Giving up

That Garmin Vector ad had been haunting me for weeks on my FB front page (how did they know?). Yes, I had been following the power meters closely ever since a friend of mine purchased the Polar/Look pedals about a year a go. I’m generally pro measuring what really counts, and contra letting any sort of analyzing or testing get the upper hand of the exercise itself.

However, I understood that I live in a place with no mountains within a two hour flight, and not even a 10 minute uphill within a day’s car trip. So in order to be prepared for the mountains, I have to find ways to fake them. Time trial training has too many uncontrollable variables (not least the weather) and my heart rate isn’t reactive or stable enough to be used in judging my race performance or as a training gauge, hence the interest in power meters.

Then again power meters are expensive, and they’re either integrated into the bike (bottom bracket) or a wheel, which reduces their portability when traveling or swapping bikes or wheels. Also, full utilization of the power meter requires lots of riding both in training and when racing. Thus, it doesn’t make sense to have it just on your #1 bike or #2 wheels.

Placing the power meter in the pedals makes a lot of sense: at best, it’s a two minute task to swap them from one bike to another, assuming calibration doesn’t take too much effort. The obvious downside is that the pedals aren’t the most sheltered part of the bike. From what I’ve heard from users of the Polar/Look pedals, the calibration isn’t as smooth as I would need it to be, and the communication between the power meter and the bike computer isn’t based on open architecture but rather Polar’s in-house system. That means you’re tied to Polar computers, and effectively that alone makes it undesirable from my point of view. (As an aside: My technical understanding is very limited, but I’m very much pro industry standards, open architecture, common interfaces and the users ability to choose the products, and to decide which parts and when to upgrade. And to my understanding Polar is pretty much everything else. Good luck to them; too bad they’re not listed – it would be too tempting to short the stock).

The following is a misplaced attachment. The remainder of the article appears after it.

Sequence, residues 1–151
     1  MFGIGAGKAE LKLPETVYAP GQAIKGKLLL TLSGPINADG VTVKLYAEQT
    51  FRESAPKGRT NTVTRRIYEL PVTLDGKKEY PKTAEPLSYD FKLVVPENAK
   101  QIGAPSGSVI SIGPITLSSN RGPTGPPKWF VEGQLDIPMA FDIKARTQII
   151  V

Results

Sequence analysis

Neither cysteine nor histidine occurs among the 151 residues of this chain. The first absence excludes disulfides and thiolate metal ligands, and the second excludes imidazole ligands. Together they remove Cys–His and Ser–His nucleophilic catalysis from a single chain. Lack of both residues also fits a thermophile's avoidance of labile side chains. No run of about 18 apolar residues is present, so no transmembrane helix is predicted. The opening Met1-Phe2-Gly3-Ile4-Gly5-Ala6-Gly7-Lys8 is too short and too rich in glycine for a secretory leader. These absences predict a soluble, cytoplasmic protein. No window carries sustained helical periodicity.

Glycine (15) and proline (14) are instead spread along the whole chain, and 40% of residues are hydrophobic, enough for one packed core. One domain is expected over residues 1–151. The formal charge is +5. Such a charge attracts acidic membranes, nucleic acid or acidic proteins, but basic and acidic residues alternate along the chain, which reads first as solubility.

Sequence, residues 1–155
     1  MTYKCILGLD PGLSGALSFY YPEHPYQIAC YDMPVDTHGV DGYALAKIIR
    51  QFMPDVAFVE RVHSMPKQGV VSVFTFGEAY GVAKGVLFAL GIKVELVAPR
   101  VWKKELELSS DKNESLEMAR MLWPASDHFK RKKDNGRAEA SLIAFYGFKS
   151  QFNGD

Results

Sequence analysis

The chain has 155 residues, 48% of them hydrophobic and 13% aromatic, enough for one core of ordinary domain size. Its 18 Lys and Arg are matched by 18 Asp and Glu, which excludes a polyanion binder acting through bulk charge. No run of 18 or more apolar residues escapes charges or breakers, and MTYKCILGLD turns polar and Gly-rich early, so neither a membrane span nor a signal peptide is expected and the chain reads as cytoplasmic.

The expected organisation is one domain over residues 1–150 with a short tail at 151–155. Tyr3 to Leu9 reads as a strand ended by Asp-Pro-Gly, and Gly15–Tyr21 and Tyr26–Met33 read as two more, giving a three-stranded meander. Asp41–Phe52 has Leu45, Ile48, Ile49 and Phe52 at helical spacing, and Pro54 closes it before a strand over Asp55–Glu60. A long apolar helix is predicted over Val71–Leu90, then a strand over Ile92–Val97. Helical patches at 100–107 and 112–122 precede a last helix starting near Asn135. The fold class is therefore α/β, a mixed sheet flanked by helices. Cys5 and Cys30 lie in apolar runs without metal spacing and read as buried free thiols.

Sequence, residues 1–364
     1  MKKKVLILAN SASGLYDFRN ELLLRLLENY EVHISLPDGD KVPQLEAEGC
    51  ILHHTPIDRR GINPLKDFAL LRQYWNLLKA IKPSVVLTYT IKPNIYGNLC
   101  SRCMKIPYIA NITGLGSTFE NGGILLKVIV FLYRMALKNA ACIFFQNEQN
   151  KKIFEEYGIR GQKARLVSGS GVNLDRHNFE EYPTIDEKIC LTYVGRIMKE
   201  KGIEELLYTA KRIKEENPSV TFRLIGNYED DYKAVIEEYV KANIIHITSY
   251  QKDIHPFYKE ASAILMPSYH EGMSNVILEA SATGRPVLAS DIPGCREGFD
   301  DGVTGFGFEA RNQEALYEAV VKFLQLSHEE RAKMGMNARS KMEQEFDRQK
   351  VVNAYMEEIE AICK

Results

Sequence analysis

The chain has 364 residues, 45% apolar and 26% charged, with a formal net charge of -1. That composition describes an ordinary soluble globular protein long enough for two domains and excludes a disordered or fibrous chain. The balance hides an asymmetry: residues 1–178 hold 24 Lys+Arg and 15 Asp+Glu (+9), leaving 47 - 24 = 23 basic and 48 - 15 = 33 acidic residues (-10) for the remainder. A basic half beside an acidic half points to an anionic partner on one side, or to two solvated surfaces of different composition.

So when Garmin finally announced that their Vector power pedal was ready for shipping, I was excited – to put it mildly. Too bad they’re shipping at a leisurely pace, so there’s limited first hand information available. What I’ve been left with is reading a ton of reviews, blogs and discussion forums, not least the thorough work done by Rainmaker.

After lots of research, internal reasoning, mind wrestling, not involving her in the discussions and following the start of the indoor trainer season, I placed the order. Hopefully I will get the goods next week. Report to follow. Meanwhile please don’t tell me how stupid I was.


2 thoughts on “Giving up

  1. Gerry

    Olli, I’m very glad to read of our new purchase and not ONLY because this means I will get one more review of these things before I pull the trigger myself! Looking forward to hearing how they work in practice.

    Your lack of mountains is something not to be taken lightly, as you evidently aren’t. But, as you say, there are ways of nearly simulating them, I guess, and using power should be key in succeeding at it.


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